X-MEN #166 - Mania.com

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  • Issue: 166
  • Authors: Peter Milligan, Salvador Larroca
  • Publisher: Marvel Comics
  • Price: $2.25

X-MEN #166

The "Just Plain" X-Men get an exciting new writer

By Tony Whitt     January 24, 2005

X-MEN #166.
© Marvel Comics
A community of mutants have tried to establish a utopian society at the South Pole, but something has gone horribly wrong, resulting in half of them killing themselves and each other and the other half going mad. The culprit is someone or something called Golgotha, and it's up to Alex Summers' team to discover what Golgotha is - before they end up going insane themselves.

It's not easy being the only X-Men team not to have some descriptive moniker in front of their name, especially when that team is made up of members who are decidedly second-string. (Well, apart from Wolverine, of course, but then he's everywhere.) Even the writing talents of Chuck Austen couldn't quite make these guys as interesting as their Astonishing or even their Uncanny counterparts. So thank goodness Peter Milligan has brought his unique style of humor and drama to inject some life into these guys. Granted, this storyline has begun very similarly to the one that introduced the book a freak occurrence in another part of the world takes the team elsewhere and puts them in a situation where they ask "What could have happened here?" a lot but Milligan manages to infuse the same basic story with far more interest, and not just because it features the White Queen. (Much like Logan, Emma's starting to pop up everywhere these days.)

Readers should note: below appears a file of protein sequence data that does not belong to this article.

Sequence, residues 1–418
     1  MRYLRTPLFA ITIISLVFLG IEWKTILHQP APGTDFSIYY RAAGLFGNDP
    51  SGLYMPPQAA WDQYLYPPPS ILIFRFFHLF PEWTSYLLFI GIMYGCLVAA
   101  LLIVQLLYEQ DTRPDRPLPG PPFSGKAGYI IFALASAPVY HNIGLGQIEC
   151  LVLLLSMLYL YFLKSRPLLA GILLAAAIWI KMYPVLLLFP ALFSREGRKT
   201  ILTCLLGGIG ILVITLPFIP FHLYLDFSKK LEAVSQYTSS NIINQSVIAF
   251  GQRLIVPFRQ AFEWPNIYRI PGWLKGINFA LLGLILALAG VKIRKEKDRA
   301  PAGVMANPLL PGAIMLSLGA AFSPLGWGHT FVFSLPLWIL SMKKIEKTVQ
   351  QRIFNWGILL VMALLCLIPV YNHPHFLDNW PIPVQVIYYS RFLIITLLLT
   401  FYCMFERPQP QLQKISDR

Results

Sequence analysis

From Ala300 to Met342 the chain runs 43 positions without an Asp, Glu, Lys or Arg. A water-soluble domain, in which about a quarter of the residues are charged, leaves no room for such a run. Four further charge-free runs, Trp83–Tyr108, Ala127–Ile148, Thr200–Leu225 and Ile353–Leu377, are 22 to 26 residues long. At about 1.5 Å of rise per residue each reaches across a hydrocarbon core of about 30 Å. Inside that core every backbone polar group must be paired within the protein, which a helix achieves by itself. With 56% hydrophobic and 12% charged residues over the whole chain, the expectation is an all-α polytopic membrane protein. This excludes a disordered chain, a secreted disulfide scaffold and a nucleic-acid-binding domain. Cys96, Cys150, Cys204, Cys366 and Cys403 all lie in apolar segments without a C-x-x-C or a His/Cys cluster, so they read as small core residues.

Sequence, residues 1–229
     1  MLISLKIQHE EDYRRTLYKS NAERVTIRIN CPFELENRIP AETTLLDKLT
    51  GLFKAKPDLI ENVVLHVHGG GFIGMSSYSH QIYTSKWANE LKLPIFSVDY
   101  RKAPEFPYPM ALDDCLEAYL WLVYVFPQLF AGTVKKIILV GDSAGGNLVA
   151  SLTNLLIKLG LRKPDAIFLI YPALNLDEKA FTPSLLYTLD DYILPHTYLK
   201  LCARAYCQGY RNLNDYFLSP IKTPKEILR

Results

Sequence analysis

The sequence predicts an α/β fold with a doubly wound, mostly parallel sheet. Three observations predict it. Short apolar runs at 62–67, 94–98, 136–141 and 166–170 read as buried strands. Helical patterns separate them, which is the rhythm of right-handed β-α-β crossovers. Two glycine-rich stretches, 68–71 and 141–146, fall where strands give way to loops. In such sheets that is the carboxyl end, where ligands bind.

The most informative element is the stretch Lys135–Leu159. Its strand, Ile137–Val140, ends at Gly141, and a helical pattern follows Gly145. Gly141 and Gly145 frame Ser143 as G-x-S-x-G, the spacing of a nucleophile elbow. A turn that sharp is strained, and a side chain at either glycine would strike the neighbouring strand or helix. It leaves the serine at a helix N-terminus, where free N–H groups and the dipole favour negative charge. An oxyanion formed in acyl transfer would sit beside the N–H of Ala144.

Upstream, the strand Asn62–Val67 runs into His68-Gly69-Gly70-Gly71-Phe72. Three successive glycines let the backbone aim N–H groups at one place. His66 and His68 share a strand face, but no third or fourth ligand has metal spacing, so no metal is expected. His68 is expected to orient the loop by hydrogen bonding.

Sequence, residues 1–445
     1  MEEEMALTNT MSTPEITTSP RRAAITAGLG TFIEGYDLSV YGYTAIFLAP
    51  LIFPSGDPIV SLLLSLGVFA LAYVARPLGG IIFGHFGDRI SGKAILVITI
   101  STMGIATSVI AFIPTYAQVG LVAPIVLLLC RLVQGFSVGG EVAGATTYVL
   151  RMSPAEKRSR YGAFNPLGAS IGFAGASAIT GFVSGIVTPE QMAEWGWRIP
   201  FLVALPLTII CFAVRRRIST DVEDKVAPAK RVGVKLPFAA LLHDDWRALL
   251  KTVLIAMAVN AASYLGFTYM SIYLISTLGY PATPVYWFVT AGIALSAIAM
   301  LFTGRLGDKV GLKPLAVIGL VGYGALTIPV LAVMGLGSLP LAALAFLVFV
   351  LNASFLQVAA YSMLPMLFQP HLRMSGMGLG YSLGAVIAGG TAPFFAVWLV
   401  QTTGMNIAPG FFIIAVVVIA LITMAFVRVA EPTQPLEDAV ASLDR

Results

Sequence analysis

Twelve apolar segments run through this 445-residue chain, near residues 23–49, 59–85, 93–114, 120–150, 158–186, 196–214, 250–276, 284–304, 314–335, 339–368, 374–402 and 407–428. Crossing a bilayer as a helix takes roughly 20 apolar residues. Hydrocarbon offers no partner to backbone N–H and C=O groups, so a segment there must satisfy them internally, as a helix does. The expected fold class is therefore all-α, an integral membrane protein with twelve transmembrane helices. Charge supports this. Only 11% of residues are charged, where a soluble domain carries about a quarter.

The only thing really working against Milligan's story, and even then it's not a constant problem, is Larroca's artwork. It's not always clear precisely what's happened, and it's less to do with Milligan's script being vague and more to do with the imagery simply not communicating what it's meant to communicate. When Lorna goes a bit too far with an attacking mutant, for instance, it's not made clear until dialogue in the next page what's happened, and even then it's not fully clear. And when Gambit punches out another mutant while making one of Milligan's trademark quips, it's not entirely clear on the next page that the mutant the team is questioning is the same one. It's little stuff like this that works against a script, but hopefully it's also the sort of thing you see only when a writer and artist start working together. If the rest of this story arc plays out as well as this first part, then X-MEN may finally be as well worth reading as its Astonishing and Uncanny siblings.

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